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"Standing in the Shadows of Motown"

Directed by Paul Justman.
Release Year:  2002 
Review Date:  12/4/02 


During my visit to LA this weekend, I hung out with Val “B.A.” Brotski and her boyfriend Patrick for some quality time on Black Friday.  (You will note that this is one of the few Black days that is actually a positive!)  After running through all of the movies that I HAVE seen, we all settled on the new documentary “Standing in the Shadows of Motown.”

What a film.  Director Paul Justman’s documentary follows the untold story of the Funk Brothers, a collection of musicians that are credited with creating the original Motown sound of the 1960s.  The film deftly mixes stories on each of the original eight brothers with footage from the Funk Brothers’ reunion concert in Detroit from earlier this year, which featured Motown classics sung by current stars like Gerald Levert, Joan Osborne and—oh yes—Bootsy Collins.  The Funk Brothers apparently created the beats for more #1 Billboard songs than any other entity.

Like the great “Dogtown and Z-Boys” from earlier this year, “Standing in the Shadows of Motown” does an incredible job of drawing you into its subject matter whether you are a fan of the Detroit Motown sound or not.  Sure, you will recognize most of the songs being played right away, but even the songs you don’t know (like “Cloud 9”, a good track that doesn’t get lots of oldies-station radio play) will interest you.  It also helps that the surviving members of the Funk Brothers are all real likable guys.  As they tell story after famous-name-laden story, you laugh along with them as they recount their glory days.  The name dropping in this film is ridiculous—the Funk Brothers worked with damn near every major artist of the era.  “Standing in the Shadows of Motown” also has that beautiful X factor that makes a documentary cool...and, in this film, that X factor is Funk Brother bassist James Jameson, who all of the group members swear is “the greatest bass player who ever lived” and naturally, he is dead and therefore even more legendary.

Patrick noted—and I seconded—that the three or four interludes featuring actors playing the younger Funk Brothers could have been left out, even though they are mostly brief in length.  And for me, I thought the filmmakers did a little too much to discredit some of the creativity of hitmakers like the Rolling Stones or The Beatles by saying they stole the Motown sound.  Undoubtedly many groups were influenced by the Motown beatmakers, but come on—The Beatles didn’t steal their ride to the top, and as with all popular pop groups, catchy lyrics and a handsome quartet never hurt for their long run.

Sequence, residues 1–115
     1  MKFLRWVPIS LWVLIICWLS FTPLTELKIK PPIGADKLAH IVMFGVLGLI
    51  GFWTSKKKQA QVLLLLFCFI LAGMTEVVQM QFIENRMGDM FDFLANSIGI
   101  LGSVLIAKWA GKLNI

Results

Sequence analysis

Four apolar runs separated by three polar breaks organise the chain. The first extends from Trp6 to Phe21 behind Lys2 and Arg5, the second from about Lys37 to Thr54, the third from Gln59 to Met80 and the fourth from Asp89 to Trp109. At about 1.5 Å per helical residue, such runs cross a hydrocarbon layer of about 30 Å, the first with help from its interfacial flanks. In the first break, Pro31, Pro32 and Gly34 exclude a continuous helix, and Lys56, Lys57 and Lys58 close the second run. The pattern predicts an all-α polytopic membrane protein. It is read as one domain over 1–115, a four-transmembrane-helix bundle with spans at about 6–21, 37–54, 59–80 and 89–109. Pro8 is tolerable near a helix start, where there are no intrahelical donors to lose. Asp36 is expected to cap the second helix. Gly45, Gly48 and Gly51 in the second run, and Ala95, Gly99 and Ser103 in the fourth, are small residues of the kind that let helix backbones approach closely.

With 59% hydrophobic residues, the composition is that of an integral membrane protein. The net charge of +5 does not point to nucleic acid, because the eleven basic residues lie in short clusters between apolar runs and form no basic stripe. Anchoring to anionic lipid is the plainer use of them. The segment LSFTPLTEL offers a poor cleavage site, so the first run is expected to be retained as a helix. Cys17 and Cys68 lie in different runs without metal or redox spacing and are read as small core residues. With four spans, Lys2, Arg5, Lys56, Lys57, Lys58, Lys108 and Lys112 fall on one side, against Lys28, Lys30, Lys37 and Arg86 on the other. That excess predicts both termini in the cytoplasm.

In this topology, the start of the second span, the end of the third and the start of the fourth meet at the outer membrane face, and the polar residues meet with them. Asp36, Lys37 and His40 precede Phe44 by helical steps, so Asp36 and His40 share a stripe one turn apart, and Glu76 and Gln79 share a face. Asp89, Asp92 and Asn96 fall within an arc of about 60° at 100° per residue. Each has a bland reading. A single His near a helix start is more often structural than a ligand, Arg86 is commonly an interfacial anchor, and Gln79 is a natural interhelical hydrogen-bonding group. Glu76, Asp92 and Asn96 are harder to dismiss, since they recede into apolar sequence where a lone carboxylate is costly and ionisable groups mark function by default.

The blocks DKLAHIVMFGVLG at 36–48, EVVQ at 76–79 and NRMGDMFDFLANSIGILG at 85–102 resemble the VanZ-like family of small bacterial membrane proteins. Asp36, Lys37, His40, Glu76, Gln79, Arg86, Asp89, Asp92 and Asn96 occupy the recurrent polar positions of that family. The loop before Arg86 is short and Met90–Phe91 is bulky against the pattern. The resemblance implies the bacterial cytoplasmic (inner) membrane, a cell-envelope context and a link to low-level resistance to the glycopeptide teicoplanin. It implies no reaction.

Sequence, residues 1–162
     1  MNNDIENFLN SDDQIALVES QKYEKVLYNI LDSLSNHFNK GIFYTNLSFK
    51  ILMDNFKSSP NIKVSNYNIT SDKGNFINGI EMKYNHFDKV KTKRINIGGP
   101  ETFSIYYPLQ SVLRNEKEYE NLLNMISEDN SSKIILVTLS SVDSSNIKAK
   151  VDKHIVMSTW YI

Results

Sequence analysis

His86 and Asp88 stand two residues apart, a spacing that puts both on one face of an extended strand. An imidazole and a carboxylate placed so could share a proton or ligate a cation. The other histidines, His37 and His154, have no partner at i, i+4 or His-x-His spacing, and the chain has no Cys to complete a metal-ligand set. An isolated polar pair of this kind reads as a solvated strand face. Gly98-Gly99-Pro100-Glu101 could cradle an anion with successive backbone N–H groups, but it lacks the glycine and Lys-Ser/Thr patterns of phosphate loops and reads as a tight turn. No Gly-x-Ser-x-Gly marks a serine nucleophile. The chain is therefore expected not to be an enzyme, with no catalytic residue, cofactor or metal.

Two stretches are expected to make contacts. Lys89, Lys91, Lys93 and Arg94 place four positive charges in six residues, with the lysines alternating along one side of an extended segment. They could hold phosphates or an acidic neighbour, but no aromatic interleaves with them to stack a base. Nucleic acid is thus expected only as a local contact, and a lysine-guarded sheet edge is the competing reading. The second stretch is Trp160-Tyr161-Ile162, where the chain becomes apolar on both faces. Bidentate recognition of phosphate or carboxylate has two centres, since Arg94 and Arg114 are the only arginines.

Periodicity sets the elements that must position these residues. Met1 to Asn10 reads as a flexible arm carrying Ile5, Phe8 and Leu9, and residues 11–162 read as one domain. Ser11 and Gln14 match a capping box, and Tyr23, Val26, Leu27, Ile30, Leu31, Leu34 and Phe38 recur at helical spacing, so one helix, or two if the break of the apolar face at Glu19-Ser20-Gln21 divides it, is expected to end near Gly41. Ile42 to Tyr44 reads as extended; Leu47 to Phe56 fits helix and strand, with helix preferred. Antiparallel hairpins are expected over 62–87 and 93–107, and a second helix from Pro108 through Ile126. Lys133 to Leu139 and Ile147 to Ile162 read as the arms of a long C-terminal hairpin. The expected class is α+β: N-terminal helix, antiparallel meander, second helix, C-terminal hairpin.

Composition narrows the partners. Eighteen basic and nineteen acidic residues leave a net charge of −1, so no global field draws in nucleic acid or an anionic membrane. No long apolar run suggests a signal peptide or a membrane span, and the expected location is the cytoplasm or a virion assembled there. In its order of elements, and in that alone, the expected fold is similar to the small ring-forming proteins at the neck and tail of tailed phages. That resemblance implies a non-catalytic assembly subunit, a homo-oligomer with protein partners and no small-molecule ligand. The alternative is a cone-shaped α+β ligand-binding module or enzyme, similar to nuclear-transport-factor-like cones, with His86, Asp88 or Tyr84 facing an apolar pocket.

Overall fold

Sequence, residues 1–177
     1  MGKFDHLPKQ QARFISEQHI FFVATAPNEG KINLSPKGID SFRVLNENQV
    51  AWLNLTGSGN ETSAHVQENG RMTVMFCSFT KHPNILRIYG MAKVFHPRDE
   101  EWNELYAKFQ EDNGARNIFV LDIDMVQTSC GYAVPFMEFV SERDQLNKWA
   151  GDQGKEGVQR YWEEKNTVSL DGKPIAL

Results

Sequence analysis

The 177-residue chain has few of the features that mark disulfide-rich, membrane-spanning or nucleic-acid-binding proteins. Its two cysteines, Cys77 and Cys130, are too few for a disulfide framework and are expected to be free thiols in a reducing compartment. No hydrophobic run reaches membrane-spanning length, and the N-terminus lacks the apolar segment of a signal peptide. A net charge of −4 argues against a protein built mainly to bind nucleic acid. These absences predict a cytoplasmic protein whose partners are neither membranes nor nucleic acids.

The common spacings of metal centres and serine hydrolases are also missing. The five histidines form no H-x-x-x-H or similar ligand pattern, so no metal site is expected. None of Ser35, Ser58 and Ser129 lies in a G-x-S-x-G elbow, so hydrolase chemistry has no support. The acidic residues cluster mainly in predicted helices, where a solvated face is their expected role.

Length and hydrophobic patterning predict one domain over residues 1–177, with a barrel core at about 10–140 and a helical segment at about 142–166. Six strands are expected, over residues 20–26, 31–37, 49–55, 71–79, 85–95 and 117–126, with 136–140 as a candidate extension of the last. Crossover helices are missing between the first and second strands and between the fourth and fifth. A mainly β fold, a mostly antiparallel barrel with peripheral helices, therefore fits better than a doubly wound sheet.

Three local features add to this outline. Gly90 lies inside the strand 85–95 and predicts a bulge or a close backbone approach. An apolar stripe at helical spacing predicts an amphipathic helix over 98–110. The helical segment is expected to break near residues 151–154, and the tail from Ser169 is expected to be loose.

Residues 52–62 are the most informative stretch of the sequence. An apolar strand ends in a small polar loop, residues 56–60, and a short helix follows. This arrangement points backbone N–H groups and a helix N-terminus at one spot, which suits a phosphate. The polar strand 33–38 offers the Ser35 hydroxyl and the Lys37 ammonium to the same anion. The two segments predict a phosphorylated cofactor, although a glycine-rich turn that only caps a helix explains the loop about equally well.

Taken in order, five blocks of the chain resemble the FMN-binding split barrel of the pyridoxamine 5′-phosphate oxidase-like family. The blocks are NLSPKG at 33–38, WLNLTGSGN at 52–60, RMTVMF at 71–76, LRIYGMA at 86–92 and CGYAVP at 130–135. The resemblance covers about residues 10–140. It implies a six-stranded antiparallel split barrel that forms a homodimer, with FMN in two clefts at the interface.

But these minor problems add up to about two minutes of the total running time.  The other 99% is some of the best stuff of the year.

Rating:  Opening Weekend


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Bellview Rating System:

"Opening Weekend":  This is the highest rating a movie can receive.  Reserved for movies that exhibit the highest level of acting, plot, character development, setting...or Salma Hayek.  Not necessarily in that order. 

"$X.XX Show":  This price changes each year due to the inflation of movie prices; currently, it is the $9.50 Show.  While not technically perfect, this is a movie that will still entertain you at a very high level.  "Undercover Brother" falls into this category; it's no "Casablanca", but you'll have a great time watching.  The $9.50 Show won't win any Oscars, but you'll be quoting lines from the thing for ages (see "Office Space"). 

"Matinee":  An average movie that merits no more than a $6.50 viewing at your local theater.  Seeing it for less than $9.50 will make you feel a lot better about yourself.  A movie like "Blue Crush" fits this category; you leave the theater saying "That wasn't too, did you see that Lakers game last night?" 

"Rental":  This rating indicates a movie that you see in the previews and say to your friend, "I'll be sure to miss that one."  Mostly forgettable, you couldn't lose too much by going to Hollywood Video and paying $3 to watch it with your sig other, but you would only do that if the video store was out of copies of "Ronin."  If you can, see this movie for free.  This is what your TV Guide would give "one and a half stars." 

"Hard Vice":  This rating is the bottom of the barrel.  A movie that only six other human beings have witnessed, this is the worst movie I have ever seen.  A Shannon Tweed "thriller," it is so bad as to be funny during almost every one of its 84 minutes, and includes the worst ending ever put into a movie.  Marginally worse than "Cabin Boy", "The Avengers" or "Leonard, Part 6", this rating means that you should avoid this movie at all costs, or no costs, EVEN IF YOU CAN SEE IT FOR FREE!  (Warning:  strong profanity will be used in all reviews of "Hard Vice"-rated movies.)

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All material by Justin Elliot Bell for SMR/Bellview/ except where noted
© 1999-2009 Justin Elliot Bell This site was last updated 01/08/09